By Alli Bauck
Fear not, for I have redeemed you;
I have called you by name, you are Mine.
Isaiah 43:1b (ESV)
For the past seven months I’ve been carrying around an extra weight of worry, all because a white plastic stick revealed some unexpected news: I was pregnant. Normally, this result would have been met with excitement; however, “my plan” for 2022 did not include welcoming a third child into the world.
In different circumstances, I have received that news as a joyful gift. But this time around, it felt more like a burden I reluctantly accepted. And that’s how fear became an unnecessary yet unshakable presence in my life.
My fear has taken on many forms: being stressed about an “unplanned” pregnancy, feeling afraid of miscarrying, fearing the loss of friendships due to my prenatal successes and others’ fertility failures, uncertainty of how I will manage being a mother of three little boys, and an irrational anxiety that this baby could come earlier than expected.
In my brokenness, I’ve felt guilt and shame, numbness and denial. I’ve faked smiles and prayed for peace. I try daily to delight in the precious life growing inside of me, but the devil discerns my doubts and constantly calls my name, luring me away from following God’s will. That old snake, in his pride, still thinks that I could belong to him.
But many years ago, a bloody cruciform revealed some unexpected news: I am redeemed. Regardless of all my weaknesses and fears, God chose me and called me by name. The Father bought me back with the precious life of the Beloved Son. The Spirit now equips me for all my vocations, including the calling of a mother.
I know this. I believe this. Yet fear still sneaks in.
I think being apprehensive about admitting we are struggling can be part of the snare the devil sets for us, especially since there’s always someone we know who is walking through a worse season. So the temptation is to keep quiet about my fears; afraid of confessing how I am feeling at the risk of being judged by others.
But each occasion I’ve opened up to a family member or friend, their reactions were not ones of criticism. When I admitted my anxieties, they offered reassurance and reminders of my blessings.
I also find hope and encouragement when I turn to God’s Word or to prayer. There are countless instances in the Bible that God reminds us to “fear not.” In prayerful conversation, Jesus affirms who I am as the Father’s beloved child. This brings to mind the words from the Prophet Isaiah—which also happen to be the verse I chose when I was confirmed: Fear not, for I have redeemed you; I have called you by name, you are Mine (Isaiah 43:1b, ESV).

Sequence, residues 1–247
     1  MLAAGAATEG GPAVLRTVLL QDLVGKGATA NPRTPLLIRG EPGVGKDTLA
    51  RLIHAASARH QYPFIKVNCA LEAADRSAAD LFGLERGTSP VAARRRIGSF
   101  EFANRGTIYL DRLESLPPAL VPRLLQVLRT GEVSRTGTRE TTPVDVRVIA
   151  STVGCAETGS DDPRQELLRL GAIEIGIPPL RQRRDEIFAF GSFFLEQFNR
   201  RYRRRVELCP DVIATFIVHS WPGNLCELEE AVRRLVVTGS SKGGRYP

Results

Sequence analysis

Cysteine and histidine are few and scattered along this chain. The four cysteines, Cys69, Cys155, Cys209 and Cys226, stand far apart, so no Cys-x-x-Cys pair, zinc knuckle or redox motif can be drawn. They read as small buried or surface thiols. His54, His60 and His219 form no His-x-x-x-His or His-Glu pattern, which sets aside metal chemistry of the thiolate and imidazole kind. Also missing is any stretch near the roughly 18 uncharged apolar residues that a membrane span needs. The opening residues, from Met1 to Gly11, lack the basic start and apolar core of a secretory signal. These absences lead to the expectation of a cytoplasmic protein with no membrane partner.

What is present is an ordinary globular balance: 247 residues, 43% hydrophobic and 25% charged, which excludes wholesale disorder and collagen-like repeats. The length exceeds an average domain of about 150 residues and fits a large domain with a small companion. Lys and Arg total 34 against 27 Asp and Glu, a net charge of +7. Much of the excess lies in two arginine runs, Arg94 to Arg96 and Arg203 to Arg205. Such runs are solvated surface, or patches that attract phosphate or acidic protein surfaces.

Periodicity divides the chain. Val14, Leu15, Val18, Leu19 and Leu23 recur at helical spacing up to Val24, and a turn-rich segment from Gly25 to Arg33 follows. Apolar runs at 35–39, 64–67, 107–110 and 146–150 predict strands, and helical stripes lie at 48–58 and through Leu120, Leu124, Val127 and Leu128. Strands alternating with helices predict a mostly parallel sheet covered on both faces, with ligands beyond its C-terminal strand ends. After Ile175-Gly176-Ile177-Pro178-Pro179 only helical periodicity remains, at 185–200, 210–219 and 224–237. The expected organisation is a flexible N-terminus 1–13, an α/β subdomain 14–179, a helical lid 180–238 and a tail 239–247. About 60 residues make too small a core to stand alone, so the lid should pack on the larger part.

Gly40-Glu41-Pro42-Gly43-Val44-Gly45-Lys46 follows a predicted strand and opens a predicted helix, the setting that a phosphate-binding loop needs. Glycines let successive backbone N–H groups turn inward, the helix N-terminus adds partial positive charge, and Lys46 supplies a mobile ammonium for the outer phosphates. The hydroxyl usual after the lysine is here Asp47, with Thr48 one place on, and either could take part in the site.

During times of uncertainty, I have people in whom I can confide, and faith resources that reaffirm essential truths. Another outlet that improves my mental health is writing. Sometimes this practice benefits my spiritual health, as well. On the most recent occasion, I exercised some creativity while trying to express my conflicting feelings as my son’s due date draws nearer.
I meditated on Isaiah 43 as I thought about how fleeting my fears are when viewed through the lens of God’s masterful design. Even though I can’t see beyond my belly (literally: I can’t see my feet) I can trust the Father’s plan more than my own.
The following poem came from my creative process:
I am anxious
to know you
to call you by name
and fall in love with
someone so small
when I first saw
the test result
I was not positive there was
a place in my plans
on a screen I’ve seen
a black and white blur
with a strong heart
beating in the same body
with each kick and “hic”
you inform me that
you will need more
than a warm womb
my hands know
how to hold you but
will my head and my heart
“I am not ready…”
is a silly thing to think because
before the Beginning